Recombinant human Noggin is a 46 kDa disulfide-linked homodimer (120-10C) consisting of two 206 amino acid polypeptide chains. Monomeric glycosylated Noggin migrates at an apparent molecular weight of approximately 28.0-33.0 kDa by SDS PAGE analysis under reducing conditions.
Determined by its ability to inhibit 5.0 ng/ml of BMP-4 induced alkaline phosphatase production by ATDC chondrogenic cells. The expected ED₅₀ for this effect is 2.0-3.0 ng/ml of Noggin.
Batch dependent (please contact us for details)
Store at -20ºC or below. After reconstitution, keep as concentrated solution. Avoid freeze-thaw cycles.
QHYLHIRPAP SDNLPLVDLI EHPDPIFDPK EKDLNETLLR SLLGGHYDPG FMATSPPEDR PGGGGGAAGG AEDLAELDQL LRQRPSGAMP SEIKGLEFSE GLAQGKKQRL SKKLRRKLQM WLWSQTFCPV LYAWNDLGSR FWPRYVKVGS CFSKRSCSVP EGMVCKPSKS VHLTVLRWRC QRRGGQRCGW IPIQYPIISE CKCSC
< 1 EU/μg
For laboratory use only. Not for any clinical, therapeutic, or diagnostic use in humans or animals. Not for animal or human consumption.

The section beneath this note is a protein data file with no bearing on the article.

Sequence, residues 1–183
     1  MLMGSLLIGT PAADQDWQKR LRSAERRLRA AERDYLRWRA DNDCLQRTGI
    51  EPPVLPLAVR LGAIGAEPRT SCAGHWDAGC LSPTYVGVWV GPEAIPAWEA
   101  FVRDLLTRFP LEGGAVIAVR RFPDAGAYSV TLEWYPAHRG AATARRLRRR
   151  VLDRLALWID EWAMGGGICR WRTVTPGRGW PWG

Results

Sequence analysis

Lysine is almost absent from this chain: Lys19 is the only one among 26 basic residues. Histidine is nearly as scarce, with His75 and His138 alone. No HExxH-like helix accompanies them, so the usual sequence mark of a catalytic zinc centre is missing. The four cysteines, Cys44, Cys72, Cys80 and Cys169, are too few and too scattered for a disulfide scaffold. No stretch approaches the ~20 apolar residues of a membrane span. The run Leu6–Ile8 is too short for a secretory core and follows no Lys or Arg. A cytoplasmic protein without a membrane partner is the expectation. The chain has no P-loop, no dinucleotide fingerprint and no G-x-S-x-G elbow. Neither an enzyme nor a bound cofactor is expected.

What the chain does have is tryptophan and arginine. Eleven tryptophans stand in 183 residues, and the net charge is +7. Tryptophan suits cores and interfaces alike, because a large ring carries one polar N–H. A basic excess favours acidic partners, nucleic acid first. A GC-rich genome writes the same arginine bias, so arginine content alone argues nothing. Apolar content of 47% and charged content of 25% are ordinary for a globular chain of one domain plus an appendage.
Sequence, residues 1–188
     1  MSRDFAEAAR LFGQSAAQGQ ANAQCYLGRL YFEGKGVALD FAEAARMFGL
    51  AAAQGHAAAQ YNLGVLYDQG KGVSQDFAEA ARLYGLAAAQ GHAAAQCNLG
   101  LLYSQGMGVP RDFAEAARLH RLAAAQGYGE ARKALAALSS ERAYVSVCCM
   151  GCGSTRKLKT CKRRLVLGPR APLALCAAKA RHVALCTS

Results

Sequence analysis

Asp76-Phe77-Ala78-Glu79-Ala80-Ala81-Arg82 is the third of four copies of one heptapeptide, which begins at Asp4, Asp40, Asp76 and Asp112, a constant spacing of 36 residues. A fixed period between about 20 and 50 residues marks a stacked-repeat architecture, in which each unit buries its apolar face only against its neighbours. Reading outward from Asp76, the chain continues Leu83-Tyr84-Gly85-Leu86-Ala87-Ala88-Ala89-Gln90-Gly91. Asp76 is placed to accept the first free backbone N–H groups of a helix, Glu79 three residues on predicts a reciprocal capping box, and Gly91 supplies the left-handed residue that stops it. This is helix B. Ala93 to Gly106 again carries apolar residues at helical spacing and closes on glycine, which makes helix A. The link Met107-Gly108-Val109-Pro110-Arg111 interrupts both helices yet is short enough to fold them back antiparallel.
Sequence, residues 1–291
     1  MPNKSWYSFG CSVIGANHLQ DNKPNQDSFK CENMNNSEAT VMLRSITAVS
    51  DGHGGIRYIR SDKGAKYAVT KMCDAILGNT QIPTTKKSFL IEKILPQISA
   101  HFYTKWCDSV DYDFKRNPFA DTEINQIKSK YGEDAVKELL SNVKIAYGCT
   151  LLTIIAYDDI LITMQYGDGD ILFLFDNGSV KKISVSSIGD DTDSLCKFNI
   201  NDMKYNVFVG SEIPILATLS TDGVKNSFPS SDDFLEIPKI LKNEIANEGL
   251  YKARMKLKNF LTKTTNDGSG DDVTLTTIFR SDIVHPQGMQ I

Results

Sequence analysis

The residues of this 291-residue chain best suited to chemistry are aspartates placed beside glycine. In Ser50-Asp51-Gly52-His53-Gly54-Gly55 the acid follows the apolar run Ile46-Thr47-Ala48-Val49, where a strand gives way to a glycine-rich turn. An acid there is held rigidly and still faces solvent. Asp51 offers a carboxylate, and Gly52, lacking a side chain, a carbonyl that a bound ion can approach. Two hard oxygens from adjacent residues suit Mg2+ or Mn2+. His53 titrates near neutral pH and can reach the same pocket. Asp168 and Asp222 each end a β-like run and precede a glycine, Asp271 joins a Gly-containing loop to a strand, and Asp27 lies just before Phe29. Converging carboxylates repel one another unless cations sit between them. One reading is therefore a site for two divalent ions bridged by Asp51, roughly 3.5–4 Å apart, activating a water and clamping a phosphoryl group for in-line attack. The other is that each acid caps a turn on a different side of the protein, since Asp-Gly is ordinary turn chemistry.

noggin , SYM1 , SYNS1 , SYNS1A
The secreted polypeptide, encoded by this gene, binds and inactivates members of the transforming growth factor-beta (TGF-beta) superfamily signaling proteins, such as bone morphogenetic protein-4 (BMP4). By diffusing through extracellular matrices more efficiently than members of the TGF-beta superfamily, this protein may have a principal role in creating morphogenic gradients. The protein appears to have pleiotropic effect, both early in development as well as in later stages. It was originally isolated from Xenopus based on its ability to restore normal dorsal-ventral body axis in embryos that had been artificially ventralized by UV treatment. The results of the mouse knockout of the ortholog suggest that it is involved in numerous developmental processes, such as neural tube fusion and joint formation. Recently, several dominant human NOG mutations in unrelated families with proximal symphalangism (SYM1) and multiple synostoses syndrome (SYNS1) were identified; both SYM1 and SYNS1 have multiple joint fusion as their principal feature, and map to the same region (17q22) as this gene. All of these mutations altered evolutionarily conserved amino acid residues. The amino acid sequence of this human gene is highly homologous to that of Xenopus, rat and mouse. [provided by RefSeq, Jul 2008]